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Debt

6 Minute Read

Should I Refinance My Student Loans?

6 Minute Read

Should you refinance your student loans?

With millions drowning in debt, it’s no wonder so many Americans are refinancing their loans. Refinancing can be a great way to get a better interest rate and save money in the long run. And if student loans are cramping your style, maybe you’ve thought of joining in the refi madness yourself! But is refinancing your student loans smart?

When You Shouldn’t Refinance Your Student Loans

Student loans come in all rates and sizes—and the same is true of refi deals! So, before we talk about the smart way to refinance yours, let’s talk about the reasons you might need to take a hard pass on a refi.

If any of the following apply to your current situation, your best bet is to leave them as they are. Do not refinance if:

  • It’s going to cost you any money to get it done. Application or origination fees could wipe out any savings you might get in the end. You’d be better off putting all your funds toward becoming debt-free fast, instead of wasting money just restructuring the debt.
  • Doing so would saddle you with a higher interest rate than you already have. Keep in mind that a lower monthly payment doesn’t necessarily mean you’re winning financially. And if lowering that payment raises your interest rate, you’ll be setting yourself back in two ways: paying more and staying in debt longer.
  • The deal requires you to sign up for a longer repayment period. Don’t do anything that postpones your date with debt-freedom. Any refi that places that date further into the future is an absolute no-go.
  • You’ve recently declared bankruptcy. Most lenders aren’t as willing to offer a refinance after bankruptcy. If that’s you, you’re probably hurting in more ways than one. The good news is the debt snowball is a tried-and-true method for getting out of debt, regardless of the interest rates!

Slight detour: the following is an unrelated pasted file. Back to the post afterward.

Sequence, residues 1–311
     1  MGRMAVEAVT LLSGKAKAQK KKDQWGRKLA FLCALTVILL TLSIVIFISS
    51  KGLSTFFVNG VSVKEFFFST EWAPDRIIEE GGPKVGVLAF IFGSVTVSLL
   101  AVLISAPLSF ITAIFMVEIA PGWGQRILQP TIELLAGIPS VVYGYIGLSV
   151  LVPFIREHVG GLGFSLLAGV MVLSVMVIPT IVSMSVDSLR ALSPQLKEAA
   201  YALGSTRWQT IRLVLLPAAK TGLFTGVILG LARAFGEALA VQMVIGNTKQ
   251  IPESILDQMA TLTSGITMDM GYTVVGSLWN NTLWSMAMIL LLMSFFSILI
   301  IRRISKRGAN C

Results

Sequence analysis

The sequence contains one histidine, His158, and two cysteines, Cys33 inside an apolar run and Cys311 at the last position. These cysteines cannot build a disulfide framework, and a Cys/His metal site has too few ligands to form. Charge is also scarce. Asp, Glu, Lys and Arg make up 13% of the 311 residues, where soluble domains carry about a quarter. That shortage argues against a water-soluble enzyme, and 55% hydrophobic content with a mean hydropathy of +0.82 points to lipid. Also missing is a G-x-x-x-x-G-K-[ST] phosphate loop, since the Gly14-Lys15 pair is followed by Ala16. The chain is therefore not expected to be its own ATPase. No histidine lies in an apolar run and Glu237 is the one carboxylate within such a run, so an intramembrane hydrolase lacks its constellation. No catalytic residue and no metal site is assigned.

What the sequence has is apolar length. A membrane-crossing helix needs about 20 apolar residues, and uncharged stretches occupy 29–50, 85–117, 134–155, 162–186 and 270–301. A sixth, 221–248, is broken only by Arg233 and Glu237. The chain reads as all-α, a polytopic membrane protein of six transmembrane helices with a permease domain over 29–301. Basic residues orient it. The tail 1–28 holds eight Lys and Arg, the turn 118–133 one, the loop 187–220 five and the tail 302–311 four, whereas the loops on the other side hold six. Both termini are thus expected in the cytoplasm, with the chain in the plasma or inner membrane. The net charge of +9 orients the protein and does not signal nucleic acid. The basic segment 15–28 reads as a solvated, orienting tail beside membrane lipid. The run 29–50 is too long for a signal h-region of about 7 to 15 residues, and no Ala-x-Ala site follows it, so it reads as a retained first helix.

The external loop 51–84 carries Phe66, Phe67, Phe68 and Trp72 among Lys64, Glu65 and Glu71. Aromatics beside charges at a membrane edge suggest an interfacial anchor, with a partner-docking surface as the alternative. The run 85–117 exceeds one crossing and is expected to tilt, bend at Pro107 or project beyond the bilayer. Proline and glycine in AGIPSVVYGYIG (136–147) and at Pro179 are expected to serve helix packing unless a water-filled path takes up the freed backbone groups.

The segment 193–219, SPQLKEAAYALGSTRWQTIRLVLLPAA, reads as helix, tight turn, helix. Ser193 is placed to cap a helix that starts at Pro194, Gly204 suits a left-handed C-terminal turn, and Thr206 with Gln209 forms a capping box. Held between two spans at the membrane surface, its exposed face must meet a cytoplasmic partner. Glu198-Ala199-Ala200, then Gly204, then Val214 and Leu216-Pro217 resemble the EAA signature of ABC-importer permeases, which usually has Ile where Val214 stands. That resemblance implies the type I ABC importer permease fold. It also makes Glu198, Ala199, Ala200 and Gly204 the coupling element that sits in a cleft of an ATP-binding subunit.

• There’s any chance that your new single-payment setup would make you lose your motivation to pay off your debt fast. Do you like subscriptions that let you set it and forget it? One reason people look to refinancing is to have fewer payments to keep up with. And that is convenient. But a refi isn’t worth it if it slows your momentum toward getting rid of the loans entirely. Again, you should be looking for ways not only to save time and money, but to speed up your progress toward having no payments at all.

If none of the above apply to you, chances are that refinancing is not only safe, but it could be a good option right now.

When You Should Refinance Your Student Loans

For many people, student loans feel like a roadblock that delays their dreams. And refinancing is often a smart way to get over those obstacles. But we only recommend a refi if all of the following are true for you:

  • It’s completely free to make the change.
  • You can keep a fixed rate, or you can replace a variable rate with fixed. (The last thing you want to do is give your lender the option to jack your monthly payment way up without notice!)
  • You don’t have to sign up for a longer repayment period. (And hey, if the new loan shortens the term of repayment, that’s even better!)
  • Your new interest rate would be lower than your current interest rate.